While blockchain-enabled cryptocurrencies like Bitcoin are creating a new financial landscape where we rely less on intermediaries like banks, banks themselves are starting to look more closely at how they might use the technology. Goldman Sachs is on record saying that blockchain technology “has the potential to redefine transactions.” And in a recent white paper, the U.K.-based FinTech Network, which organizes conferences and provides educational services for financial firms, got specific about what the technology could mean to banks. We’ll cover two of the uses they discuss today, and two more in a follow-up piece coming soon.
Fraud and Hacking Prevention
According to a recent Nilson Report, global credit card fraud generated $21.84 billion in losses during 2016. Retailers spend $6.47 billion annually on fraud-prevention services. Most banking systems are built on centralized databases, giving cybercriminals a single, vulnerable point of attack. Banking systems built on blockchain technology would be less vulnerable, both in offering an unalterable record of past transactions and in distributing the data to multiple points that hackers would have to breach simultaneously. Less vulnerability to fraud could potentially free up funds financial firms could invest in innovation and expansion.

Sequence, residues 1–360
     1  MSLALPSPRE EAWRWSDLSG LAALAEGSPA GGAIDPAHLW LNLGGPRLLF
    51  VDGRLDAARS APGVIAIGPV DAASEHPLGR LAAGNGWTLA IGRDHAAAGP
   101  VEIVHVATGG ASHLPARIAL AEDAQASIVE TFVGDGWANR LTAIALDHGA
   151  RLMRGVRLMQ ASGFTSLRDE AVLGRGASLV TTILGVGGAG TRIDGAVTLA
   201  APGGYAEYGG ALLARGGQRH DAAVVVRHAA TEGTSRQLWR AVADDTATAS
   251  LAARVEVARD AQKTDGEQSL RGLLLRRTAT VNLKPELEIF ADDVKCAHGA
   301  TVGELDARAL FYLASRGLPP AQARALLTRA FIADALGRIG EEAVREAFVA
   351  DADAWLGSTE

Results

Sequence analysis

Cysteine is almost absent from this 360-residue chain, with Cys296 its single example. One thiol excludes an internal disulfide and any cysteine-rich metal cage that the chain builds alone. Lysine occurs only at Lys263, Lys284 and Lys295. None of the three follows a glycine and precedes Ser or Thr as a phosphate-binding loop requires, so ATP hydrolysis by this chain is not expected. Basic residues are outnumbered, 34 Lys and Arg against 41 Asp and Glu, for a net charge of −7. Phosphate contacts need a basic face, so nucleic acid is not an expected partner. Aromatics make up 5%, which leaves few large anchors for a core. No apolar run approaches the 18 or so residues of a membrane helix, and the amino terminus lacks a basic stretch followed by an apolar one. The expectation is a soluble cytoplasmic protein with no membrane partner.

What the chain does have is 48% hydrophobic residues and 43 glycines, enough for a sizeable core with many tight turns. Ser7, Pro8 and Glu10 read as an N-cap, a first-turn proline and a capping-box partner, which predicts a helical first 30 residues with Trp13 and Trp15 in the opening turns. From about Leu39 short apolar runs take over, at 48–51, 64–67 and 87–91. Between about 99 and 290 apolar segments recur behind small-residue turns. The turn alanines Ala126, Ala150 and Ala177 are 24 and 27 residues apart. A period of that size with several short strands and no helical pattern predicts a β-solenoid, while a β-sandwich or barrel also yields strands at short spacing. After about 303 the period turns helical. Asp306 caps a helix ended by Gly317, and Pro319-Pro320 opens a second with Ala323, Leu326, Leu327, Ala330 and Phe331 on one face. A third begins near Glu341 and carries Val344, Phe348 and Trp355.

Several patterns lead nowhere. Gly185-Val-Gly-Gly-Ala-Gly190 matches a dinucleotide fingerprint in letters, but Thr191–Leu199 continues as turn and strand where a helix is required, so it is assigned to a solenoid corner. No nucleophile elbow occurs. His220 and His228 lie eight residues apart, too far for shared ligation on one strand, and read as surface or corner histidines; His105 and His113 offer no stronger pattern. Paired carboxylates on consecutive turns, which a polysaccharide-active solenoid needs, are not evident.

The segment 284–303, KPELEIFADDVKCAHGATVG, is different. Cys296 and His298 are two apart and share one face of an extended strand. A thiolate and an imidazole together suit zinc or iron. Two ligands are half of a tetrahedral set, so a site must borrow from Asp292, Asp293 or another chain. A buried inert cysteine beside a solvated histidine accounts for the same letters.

Know Your Customer Regulation
Know Your Customer (KYC) regulations have become increasingly costly to banks as the financial industry and regulators watch with whom the banks are doing business. KYC requires financial institutions to review customers’ information like bank statements or tax returns. A Thomson Reuters Survey concluded that financial institutions spend on average $60 million on KYC, while some banks spend up to $500 million. If banks were to use blockchain technology to track this information, it would reduce operational costs and increase the efficiency of compliance with burdensome regulations. Automated processes within the distributed ledger system would reduce compliance errors, remove the duplication of collected KYC information, and enable encrypted updates to all banks in real time. In addition, the blockchain could provide a historical record of all documents shared and compliance activities undertaken for each client. Software engineers have proposed a full blockchain-based system for KYC regulation that could provide “the opportunity to vastly reduce overheads needed to meet KYC regulations while providing secure and simple systems for customers.”
These blockchain uses could decrease the costly impact of both fraud and government regulation. Stay tuned for part 2 of our look at blockchain and banking, where we’ll examine the technology’s potential to impact trading and payments systems.